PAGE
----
No degradation studies were provided. However, data from field dissipation experiments involving the application of manure containing avilamycin residues indicated that the half life of avilamycin in soil was less than four weeks.
5. Mobility in soil
The soil adsorption characteristics of avilamycin were tested on sandy loam, loam and clay loam soils. The soil/water distribution coefficients (Kd) ranged from 23 to 109 and the KOC values ranged from 1802 to 3685. Tests of soil mobility using TLC indicated avilamycin would be immobile or of low mobility in soils. However, the major metabolite, Metabolite A, was mobile and very mobile in medium and fine textured soils respectively but only showed low mobility in a coarse textured soil. In laboratory leaching studies, radio labelled aged avilamycin was found to leach with 84% of added radioactivity found in the leachate in one study. In a further study the proportion of freshly applied radioactivity found in leachate ranged from 22 to 53%. These results indicate avilamycin and, in particular, its metabolites have the potential to leach.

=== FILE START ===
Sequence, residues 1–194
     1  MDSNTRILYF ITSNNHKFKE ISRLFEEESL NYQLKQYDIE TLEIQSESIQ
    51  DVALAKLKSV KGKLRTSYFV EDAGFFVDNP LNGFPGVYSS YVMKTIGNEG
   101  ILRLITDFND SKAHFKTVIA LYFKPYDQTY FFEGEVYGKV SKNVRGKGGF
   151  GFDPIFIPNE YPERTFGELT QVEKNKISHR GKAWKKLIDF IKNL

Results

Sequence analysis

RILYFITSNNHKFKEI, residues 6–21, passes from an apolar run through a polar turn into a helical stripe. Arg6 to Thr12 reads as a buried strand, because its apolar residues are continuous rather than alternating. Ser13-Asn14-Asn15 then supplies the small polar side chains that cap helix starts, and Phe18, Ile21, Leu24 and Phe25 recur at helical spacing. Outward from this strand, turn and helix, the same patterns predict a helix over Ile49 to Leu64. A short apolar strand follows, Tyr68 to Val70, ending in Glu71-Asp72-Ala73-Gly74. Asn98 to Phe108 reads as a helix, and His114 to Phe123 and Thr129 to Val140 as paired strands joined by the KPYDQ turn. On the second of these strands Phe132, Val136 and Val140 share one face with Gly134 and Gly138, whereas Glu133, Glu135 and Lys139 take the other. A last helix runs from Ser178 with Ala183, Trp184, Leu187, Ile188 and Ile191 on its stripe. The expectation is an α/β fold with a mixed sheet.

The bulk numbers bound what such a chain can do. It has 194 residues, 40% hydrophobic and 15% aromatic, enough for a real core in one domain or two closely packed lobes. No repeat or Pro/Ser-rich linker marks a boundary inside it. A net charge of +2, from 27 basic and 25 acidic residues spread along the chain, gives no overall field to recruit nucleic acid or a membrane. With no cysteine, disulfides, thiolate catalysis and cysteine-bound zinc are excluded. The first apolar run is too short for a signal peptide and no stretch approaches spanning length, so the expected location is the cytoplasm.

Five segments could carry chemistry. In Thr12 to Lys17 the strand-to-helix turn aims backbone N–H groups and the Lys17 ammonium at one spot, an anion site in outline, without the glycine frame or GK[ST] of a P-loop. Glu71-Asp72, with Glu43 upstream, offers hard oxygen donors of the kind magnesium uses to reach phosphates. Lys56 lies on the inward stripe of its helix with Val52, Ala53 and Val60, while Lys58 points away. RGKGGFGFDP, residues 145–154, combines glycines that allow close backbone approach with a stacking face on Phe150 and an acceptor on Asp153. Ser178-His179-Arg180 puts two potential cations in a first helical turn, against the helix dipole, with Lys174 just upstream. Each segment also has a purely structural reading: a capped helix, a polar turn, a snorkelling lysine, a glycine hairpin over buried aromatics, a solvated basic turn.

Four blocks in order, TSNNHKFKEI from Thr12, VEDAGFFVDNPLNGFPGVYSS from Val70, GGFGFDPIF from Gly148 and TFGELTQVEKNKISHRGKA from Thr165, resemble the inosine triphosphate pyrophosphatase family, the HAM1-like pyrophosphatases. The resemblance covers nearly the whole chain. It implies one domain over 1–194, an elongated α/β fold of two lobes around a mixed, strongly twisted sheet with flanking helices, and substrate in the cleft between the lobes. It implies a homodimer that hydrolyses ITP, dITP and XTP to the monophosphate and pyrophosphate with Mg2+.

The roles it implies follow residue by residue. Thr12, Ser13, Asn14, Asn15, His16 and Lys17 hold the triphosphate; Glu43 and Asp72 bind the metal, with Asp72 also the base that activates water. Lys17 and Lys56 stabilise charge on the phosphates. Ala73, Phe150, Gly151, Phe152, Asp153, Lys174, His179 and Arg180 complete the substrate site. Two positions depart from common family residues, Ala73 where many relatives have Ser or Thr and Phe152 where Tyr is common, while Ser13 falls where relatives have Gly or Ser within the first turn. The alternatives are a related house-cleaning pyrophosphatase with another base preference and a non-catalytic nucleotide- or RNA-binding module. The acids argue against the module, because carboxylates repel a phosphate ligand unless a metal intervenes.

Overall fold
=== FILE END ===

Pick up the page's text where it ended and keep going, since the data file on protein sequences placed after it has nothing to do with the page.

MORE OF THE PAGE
6. Field dissipation
Studies were conducted using the application of manure from both chickens and pigs on diets containing avilamycin. The pig manure containing radio labelled avilamycin residues was applied at a rate equivalent to 17.4 t.ha-1 of manure from pigs on a diet containing 40 ppm avilamycin. After four weeks less than 50% of the applied radioactivity remained. In a similar experiment, chicken manure was applied at a rate equivalent to 15.4 t.ha-1 of manure from chickens eating a diet containing 30 ppm avilamycin. Residues again dissipated quickly with less than 50% of the applied radioactivity remaining after four weeks.
7. Accumulation and bioaccumulation
No data were available but accumulation in soils and bioaccumulation are not expected with normal use.
1. Avian toxicity